20-30 milliamps from the radio's power source - even if you are using
batteries! Needless to say, this amount of power will
kill your batteries if given enough time!
Don't use the "PSK-U" or "PSK-L" mode for digital modes.For
some reason, there is a slight frequency shift (10 Hz) between
and transmit when those modes are selected for the "DIG" mode.
The workaround:Use USER-L or USER-U
instead. This frequency
is (ironically) important on a mode like PSK31. For modes like
and RTTY, 10 Hz is unimportant, but to avoid possible confusion, ALWAYS
use the USER-U mode. Why? Aside from not
the 10 Hz shift problem, digital modes are generally used on upper
on all bands these days - particularly when audio-sourced modulation
(such as a sound card) are used. Using upper sideband also allow
the actual carrier frequency to be determined easily simply by adding
dial frequency to the audio modulation frequency.
There is some CPU noise audible on some frequencies if you
duck antenna on the front panel. One of the most obvious of
is around 35.814 MHz. These are probably the result of timing
to the CPU's program. These change and can become more obvious
for example, a program heavily uses the CAT interface. The change
in CPU useage, coupled with the fact that another cable is
to the radio that might radiate CPU noise is likely to be at least
responsible for the "chugging" sound that some people report. The
this is to not use the front panel antenna - that is, one
that is only inches away from the CPU.
The "It won't power up with certain subaudible tone
Tom, N2YTF brought to my attention the following bug - and my thanks to
go him. It may be duplicated as follows:
Put a working battery inside the FT-817 and
power from the rear terminal. Both must be present
Select FM on a 2 meter frequency. (Actually, any ham band
- but it must be FM.)
Using the "TON" menu item, turn on both
the tone and
the tone squelch. The display will show "TSQ"
Go into the sub-menu and, from menu item #48, select a tone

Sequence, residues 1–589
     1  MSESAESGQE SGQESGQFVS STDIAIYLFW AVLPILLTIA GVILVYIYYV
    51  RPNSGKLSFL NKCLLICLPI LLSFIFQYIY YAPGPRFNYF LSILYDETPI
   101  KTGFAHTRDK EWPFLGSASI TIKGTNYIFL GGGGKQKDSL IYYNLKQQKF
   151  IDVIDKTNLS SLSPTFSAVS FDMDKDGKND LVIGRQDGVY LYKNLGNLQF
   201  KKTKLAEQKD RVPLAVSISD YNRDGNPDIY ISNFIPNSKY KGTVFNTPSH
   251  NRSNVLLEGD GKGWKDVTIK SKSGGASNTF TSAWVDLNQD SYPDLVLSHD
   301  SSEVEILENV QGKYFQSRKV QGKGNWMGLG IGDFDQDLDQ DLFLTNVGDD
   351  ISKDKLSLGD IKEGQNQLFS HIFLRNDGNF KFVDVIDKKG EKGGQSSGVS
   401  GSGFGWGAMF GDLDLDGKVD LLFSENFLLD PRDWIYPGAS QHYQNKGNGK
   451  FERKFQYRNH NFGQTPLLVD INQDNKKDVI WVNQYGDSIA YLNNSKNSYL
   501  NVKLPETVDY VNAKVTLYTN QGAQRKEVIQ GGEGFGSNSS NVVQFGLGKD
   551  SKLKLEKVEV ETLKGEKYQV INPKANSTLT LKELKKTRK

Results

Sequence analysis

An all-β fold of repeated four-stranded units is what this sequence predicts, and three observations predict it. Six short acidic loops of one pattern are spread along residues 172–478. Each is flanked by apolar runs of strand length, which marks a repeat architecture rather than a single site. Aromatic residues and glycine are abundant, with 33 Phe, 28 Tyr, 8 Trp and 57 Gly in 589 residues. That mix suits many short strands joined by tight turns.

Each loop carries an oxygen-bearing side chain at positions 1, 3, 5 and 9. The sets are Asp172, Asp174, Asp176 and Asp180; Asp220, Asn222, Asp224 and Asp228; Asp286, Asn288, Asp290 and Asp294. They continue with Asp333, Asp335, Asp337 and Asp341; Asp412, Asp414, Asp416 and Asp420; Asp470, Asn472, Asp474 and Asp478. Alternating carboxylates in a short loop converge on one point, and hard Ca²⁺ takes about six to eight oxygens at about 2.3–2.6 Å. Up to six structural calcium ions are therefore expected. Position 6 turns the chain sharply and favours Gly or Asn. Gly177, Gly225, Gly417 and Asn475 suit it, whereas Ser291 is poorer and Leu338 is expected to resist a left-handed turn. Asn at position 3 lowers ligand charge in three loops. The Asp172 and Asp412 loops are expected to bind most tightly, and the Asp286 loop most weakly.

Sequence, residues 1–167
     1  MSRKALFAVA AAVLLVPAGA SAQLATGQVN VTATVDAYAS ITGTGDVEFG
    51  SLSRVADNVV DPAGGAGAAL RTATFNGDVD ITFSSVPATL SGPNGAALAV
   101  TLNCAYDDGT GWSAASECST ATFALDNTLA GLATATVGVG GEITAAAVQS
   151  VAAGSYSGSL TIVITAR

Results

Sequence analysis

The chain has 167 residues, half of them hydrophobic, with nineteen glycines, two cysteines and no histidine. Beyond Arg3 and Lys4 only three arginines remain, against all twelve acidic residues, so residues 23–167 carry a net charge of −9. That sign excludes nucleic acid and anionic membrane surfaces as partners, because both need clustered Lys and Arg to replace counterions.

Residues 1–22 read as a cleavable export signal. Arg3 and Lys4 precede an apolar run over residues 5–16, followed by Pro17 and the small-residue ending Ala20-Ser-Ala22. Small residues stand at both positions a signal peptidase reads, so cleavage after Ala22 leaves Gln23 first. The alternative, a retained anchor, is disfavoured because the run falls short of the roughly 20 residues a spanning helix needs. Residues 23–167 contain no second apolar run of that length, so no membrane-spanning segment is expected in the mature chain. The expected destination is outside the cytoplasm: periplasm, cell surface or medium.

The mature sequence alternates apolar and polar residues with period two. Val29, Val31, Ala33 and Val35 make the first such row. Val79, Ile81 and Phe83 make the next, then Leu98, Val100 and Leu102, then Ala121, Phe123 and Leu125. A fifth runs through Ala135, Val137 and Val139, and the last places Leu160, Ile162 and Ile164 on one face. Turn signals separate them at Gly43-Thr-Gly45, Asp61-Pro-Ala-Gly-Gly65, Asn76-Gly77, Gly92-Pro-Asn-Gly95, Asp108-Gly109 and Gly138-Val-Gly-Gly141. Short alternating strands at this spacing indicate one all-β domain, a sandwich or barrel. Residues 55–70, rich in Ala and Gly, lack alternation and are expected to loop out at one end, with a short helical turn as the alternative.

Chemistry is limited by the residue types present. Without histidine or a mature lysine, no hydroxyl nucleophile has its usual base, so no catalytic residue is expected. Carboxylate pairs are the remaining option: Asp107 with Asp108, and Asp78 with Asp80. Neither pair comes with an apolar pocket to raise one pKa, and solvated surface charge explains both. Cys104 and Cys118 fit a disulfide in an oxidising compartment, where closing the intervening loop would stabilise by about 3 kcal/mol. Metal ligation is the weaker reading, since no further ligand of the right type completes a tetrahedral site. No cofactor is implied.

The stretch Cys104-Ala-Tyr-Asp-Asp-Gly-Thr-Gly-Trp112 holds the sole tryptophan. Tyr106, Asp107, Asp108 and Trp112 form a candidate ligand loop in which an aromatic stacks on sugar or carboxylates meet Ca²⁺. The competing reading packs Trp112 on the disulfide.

of 250.3 Hz or higher. (I think that there is only
higher...) Press and hold the "F" key again to return
to the main display.
Turn the FT-817 OFF.
Try to turn the FT-817 back on. If you
this bug, the FT-817 will not power up again unless
rear-panel power is removed - that is, with the FT-817 running only
on the internal battery. (Note: I haven't tried just
the batteries and powering the radio only from the rear panel.
the tone frequency is changed and/or the Tone+Tone Squelch is disabled,
then it will work normally.)
This "bug" has been verified on Tom's radio (SN: 1K44xxxx) and
Restored "Default" menu settings are not saved.
G1BAX, of Cornwall, England observed the following:
Bring up the Main Menu (press and hold the "F" key.)
Restore the default by pressing the HOME key.
Exit the menu by pressing and holding the "F" key again.
Turn the radio off - and back on again. The "original"
back! (This is easiest to demonstrate if one sets the background
from orange to its blue default color.)
New settings may not be saved if the power is
interrupted. Because the FT-817 - and many other radios of
recent manufacture - use EEPROMs to store user data and configurations,
there is some attempt to reduce the number of write cycles to this
memory. Although this type of memory typically has a duration of
well over 100,000 write cycles (the specs state well over a million) a
bit of quick math will tell you that if, say, the frequency was stored
in memory every time you adjusted the tuning knob, you could
well wear it out within a few years! For this reason, a few
things - most notably the currently-displayed frequency - is not
saved in EEPROM memory unless:
The band is changed. When you change bands, the frequency
and mode of the band you were just on is written to EEPROM memory.
The power is turned off in a proper manner. If you turn
the radio off with the power button, these settings are saved in EEPROM
The above may be demonstrated in the following way:
Note the frequency of the radio: We'll call this
Adjust the tuning knob to a new frequency within the same ham
band. We'll call this "Frequency B".
Remove the power to the radio without using the power
Restore the power to the radio and turn it back on.
It will be on "Frequency A" again.
Thanks to all that have contributed!
Do you have a quirk to add? If so, email
it to me and I might put it on the list. (I'm quirky
Work continues -